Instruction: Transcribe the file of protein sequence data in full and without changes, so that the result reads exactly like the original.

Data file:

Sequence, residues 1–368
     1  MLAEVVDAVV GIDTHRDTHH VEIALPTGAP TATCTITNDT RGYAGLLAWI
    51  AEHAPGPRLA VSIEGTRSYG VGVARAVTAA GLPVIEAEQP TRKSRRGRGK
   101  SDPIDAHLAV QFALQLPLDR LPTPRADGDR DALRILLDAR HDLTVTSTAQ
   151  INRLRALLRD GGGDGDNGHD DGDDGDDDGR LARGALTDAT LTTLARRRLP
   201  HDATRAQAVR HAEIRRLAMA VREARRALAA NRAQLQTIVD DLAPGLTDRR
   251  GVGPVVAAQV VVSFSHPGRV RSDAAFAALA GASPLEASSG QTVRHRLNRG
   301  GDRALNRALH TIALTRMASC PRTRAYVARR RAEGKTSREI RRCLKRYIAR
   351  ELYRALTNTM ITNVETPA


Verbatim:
Sequence, residues 1–368
     1  MLAEVVDAVV GIDTHRDTHH VEIALPTGAP TATCTITNDT RGYAGLLAWI
    51  AEHAPGPRLA VSIEGTRSYG VGVARAVTAA GLPVIEAEQP TRKSRRGRGK
   101  SDPIDAHLAV QFALQLPLDR LPTPRADGDR DALRILLDAR HDLTVTSTAQ
   151  INRLRALLRD GGGDGDNGHD DGDDGDDDGR LARGALTDAT LTTLARRRLP
   201  HDATRAQAVR HAEIRRLAMA VREARRALAA NRAQLQTIVD DLAPGLTDRR
   251  GVGPVVAAQV VVSFSHPGRV RSDAAFAALA GASPLEASSG QTVRHRLNRG
   301  GDRALNRALH TIALTRMASC PRTRAYVARR RAEGKTSREI RRCLKRYIAR
   351  ELYRALTNTM ITNVETPA